Judging is blind and they roughly adhere to the KCBS scoring system that ranks appearance, taste, and tenderness on a 9-point scale. There are five judges and the lowest score is dropped, although that score is used to break a tie. Other than in the side dish category, the component being judged is the meat, so your goal should be to make the best looking and tasting piece of meat possible rather than making a complete entree.
Registration begins as early as 8 am, but cooking does not begin until 10. The turn-in times for each category are staggered so not everything needs to be done at the same time. Poultry turn-in is from 3:00-3:30 pm. Beef is from 3:30-4:00, and pork is 4:00-4:30. Side dishes can be turned in at any point between 3:00 and 4:30.
Outline of the Day
If you’re thinking about doing this event or any like it, be prepared for a long day. Getting up early and loading your equipment, checking in and setting up, cooking, judging, viewing awards, tearing the site down, and packing up to head home will mean you’re in store for a good 10-12 hour day. And when most of that time is spent outside in the 95 degree heat and humidity, it will wear you down.
My day started out early since it involved packing the meat into the coolers, loading the grill and smoker into the truck, and double and triple checking to be sure I had all of my cooking tools and ingredients. Whatever you do, be sure to get as much of this done the night before as you can. This means packing all of your non-perishables and tools into boxes or totes so they are ready to go in the morning. The last thing you want to be doing at six or seven in the morning is rushing around trying to find everything you need. Getting to registration early is also another good idea. You’ll have first dibs on choosing your site and getting everything set up before things start to get really busy.
We got there right at 8 am and after some initial confusion with fairground staff not knowing exactly where we were supposed to go, we got to the site and began unpacking the truck and setting up. I packed relatively light, but it was still quite a chore. We had to put up the 10′x10′ patio tent up, set up the tables and unpack all the boxes, assemble the cooking units, and set up the washing station. I’d make sure you give yourself at least an hour to get set up. Otherwise, my setup was probably the least elaborate of all the cooks in the competition. I simply brought my 18.5″ Weber Smokey Mountain smoker and a 22.5″ Weber charcoal kettle. Many teams had big gas grills, fancy smokers, and the whole nine yards. Don’t let that intimidate you.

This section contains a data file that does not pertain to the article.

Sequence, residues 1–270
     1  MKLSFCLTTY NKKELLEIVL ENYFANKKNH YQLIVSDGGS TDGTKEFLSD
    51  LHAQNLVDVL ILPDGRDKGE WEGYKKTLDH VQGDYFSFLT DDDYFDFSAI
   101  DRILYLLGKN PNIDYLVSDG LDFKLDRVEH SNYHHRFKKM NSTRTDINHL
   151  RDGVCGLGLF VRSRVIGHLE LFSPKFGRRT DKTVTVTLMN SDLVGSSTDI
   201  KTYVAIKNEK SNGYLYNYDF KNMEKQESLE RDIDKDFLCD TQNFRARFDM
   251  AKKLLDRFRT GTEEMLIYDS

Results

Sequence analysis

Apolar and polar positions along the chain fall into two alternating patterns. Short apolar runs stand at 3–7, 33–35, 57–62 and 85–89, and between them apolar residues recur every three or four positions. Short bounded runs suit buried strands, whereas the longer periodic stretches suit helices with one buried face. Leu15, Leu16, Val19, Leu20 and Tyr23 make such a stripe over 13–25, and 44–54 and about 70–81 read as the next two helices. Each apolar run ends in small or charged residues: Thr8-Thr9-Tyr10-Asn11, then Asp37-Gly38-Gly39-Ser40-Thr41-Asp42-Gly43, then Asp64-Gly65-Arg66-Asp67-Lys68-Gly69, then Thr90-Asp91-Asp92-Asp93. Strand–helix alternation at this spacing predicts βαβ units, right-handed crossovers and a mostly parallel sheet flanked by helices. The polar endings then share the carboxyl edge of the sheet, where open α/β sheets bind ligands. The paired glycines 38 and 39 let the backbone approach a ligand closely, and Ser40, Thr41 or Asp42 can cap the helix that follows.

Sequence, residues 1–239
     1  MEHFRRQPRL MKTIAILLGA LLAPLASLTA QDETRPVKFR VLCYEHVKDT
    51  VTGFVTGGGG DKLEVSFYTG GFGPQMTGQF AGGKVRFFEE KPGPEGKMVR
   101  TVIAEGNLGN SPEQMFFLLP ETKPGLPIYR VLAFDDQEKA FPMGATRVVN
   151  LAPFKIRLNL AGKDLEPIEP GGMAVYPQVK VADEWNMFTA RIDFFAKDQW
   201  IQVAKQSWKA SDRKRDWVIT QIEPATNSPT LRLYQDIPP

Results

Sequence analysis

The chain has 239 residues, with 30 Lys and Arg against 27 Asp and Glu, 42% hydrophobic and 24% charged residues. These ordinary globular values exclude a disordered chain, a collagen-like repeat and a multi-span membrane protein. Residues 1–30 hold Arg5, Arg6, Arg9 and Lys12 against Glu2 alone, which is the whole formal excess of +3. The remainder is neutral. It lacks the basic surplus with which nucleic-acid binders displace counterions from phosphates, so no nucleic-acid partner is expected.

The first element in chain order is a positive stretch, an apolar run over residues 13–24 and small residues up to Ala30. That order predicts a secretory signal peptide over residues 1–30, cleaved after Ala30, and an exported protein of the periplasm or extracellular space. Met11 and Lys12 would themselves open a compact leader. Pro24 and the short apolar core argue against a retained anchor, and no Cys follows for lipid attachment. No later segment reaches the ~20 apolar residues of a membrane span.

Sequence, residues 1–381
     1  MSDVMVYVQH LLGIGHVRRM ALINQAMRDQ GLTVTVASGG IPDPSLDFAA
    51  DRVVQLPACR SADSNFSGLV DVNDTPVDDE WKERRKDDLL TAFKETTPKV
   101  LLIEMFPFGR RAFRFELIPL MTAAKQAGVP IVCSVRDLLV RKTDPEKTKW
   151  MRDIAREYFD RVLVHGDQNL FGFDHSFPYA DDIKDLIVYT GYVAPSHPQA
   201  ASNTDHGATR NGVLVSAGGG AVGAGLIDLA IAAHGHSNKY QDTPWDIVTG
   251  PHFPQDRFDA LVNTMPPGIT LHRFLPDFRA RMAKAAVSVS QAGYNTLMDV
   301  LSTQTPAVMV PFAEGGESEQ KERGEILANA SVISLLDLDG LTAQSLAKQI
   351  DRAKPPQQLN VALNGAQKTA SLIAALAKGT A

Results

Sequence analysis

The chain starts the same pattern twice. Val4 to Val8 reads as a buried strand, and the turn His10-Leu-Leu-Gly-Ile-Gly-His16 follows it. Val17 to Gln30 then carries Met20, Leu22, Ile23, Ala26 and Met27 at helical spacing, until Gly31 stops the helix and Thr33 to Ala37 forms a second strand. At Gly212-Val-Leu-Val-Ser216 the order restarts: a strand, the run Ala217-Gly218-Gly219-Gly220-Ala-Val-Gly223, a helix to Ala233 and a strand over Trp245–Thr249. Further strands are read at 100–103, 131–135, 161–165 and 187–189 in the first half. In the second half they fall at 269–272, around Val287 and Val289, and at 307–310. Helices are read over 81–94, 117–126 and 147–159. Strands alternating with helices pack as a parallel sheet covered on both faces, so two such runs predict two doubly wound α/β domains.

Once the cooking area is set up and the fires are going, you’ll have a quick meeting with the event organizers to go over the rules and you’ll have an opportunity to ask questions. Once everybody is clear on the rules, it’s time to get cooking. Depending on what you’re making, you may need to get started right away, or you may not need to get anything on the fire for a while. In my case, I was cooking spare ribs for the pork category so I had to hustle so that I could get those on quickly because they usually take between five and six hours, so with a turn-in time of 4:00-4:30, that didn’t leave much time. So we got to work on those first by trimming them into a nice St. Louis cut and applied the rub so it could soak into the meat for a little bit before going on the smoker at 10:30.